By Dana Drugmand
Amid increasingly urgent warnings that the world is nowhere close to meeting the goals of the Paris Climate Agreement, several nonprofit organizations initiated legal action this week against France, the nation that hosted the climate negotiations that produced the landmark agreement in 2015.
The upcoming lawsuit says the country has failed to adequately address climate change. Four French organizations—Greenpeace France, Oxfam France, Fondation pour la Nature et l’Homme and Notre Affaire à Tous—took the first step toward a lawsuit by sending a letter of formal notice to Prime Minister Edouard Philippe and 12 members of the government. The letter describes climate impacts that France is already experiencing and explains how the government’s failure to take action endangers the welfare of French citizens. The request further urges the government to adopt specific climate adaptation and mitigation strategies.
French officials have two months to respond. The groups may then officially file a case in the Administrative Court of Paris. The case will likely take two years to proceed.
The organizations argue that the French government has not adequately addressed climate change, breaching its legal obligations. Those obligations are outlined in international agreements such as the European Convention on Human Rights, the United Nations Framework Convention on Climate Change and the Paris Agreement and in domestic laws such as the French Constitution and a French law passed in 2015 requiring a transition to clean energy.
France is not alone in facing climate liability litigation. Citizens in several countries are asking courts to force greater ambition in rapidly cutting carbon emissions.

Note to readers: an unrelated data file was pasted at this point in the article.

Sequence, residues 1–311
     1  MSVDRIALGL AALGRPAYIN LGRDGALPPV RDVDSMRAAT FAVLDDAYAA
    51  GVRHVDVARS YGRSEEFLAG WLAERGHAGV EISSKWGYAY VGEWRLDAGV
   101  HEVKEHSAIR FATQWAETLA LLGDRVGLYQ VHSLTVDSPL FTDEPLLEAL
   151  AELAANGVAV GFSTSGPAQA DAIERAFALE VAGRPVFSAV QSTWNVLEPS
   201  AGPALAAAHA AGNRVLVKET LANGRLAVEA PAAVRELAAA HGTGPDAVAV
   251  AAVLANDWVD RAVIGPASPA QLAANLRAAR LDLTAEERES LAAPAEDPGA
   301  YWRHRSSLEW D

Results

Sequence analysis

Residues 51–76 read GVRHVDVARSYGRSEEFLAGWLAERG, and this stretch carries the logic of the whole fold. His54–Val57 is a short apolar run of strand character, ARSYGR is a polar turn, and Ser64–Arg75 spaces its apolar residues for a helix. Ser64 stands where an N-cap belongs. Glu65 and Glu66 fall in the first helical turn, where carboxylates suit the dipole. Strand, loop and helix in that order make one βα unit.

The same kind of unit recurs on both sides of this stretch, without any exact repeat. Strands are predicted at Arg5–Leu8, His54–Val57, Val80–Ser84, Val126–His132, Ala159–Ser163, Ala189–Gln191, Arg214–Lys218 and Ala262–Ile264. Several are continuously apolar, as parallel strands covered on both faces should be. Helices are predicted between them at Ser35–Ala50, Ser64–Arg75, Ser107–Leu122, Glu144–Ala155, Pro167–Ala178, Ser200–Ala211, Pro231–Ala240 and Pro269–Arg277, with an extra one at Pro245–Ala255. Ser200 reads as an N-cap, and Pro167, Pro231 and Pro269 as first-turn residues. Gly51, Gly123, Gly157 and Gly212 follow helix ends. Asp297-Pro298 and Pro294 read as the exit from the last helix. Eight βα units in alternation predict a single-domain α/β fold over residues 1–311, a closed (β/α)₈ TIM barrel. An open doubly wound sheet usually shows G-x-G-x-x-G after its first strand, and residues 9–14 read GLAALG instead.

Recently, Greenpeace Germany filed a suit on behalf of three farming families against the German government. Like France, which failed to meet emission reduction targets in 2016, Germany has acknowledged it is not on track to meet its 2020 climate target. In the United Kingdom, the nonprofit climate justice group Plan B sued the British government in December 2017, claiming that the 2050 climate target was insufficient to prevent catastrophic climate change. That case is currently under appeal after the High Court refused to grant it a full hearing. The European Union is also facing a climate lawsuit brought by 10 families challenging the EU’s climate targets and policies. Other European lawsuits are underway in Ireland and Belgium.
These cases are following in the footsteps of the landmark Urgenda case in the Netherlands, the first suit to win a verdict forcing the government to increase its emission reduction targets in order to uphold human rights obligations. The Dutch government lost its appeal, but continues to fight the ruling.
Outside of Europe, young people are rising to the occasion to hold their governments accountable for inadequate climate action. In April, the Supreme Court of Colombia decided in favor of young plaintiffs suing the government over human rights abuses stemming from climate change and deforestation. The ruling orders the government to take steps to halt deforestation in the Colombian Amazon, and even recognizes the ecosystem as having rights of its own. Last month, a nonprofit representing youth in Quebec filed a suit against the Canadian government. And in the U.S., a group of 21 youth plaintiffs are suing the federal government in a case that was first brought in 2015.
This trend of taking legal action against nations that are largely failing to prevent dangerous climate change is expected to continue, especially as the scientific warnings become more dire.
“We’re seeing a dramatic increase in suits of this kind. And we expect that trend to continue and accelerate,” said Carroll Muffett, president of the Center for International Environmental Law.
“The IPCC’s latest report exposed not only the stark realities of a quickly warming world, but the tremendous gap between the path we’re on and the path we need. Unless and until governments and companies start closing that gap, they will face more protests, more litigation and rising legal risk.”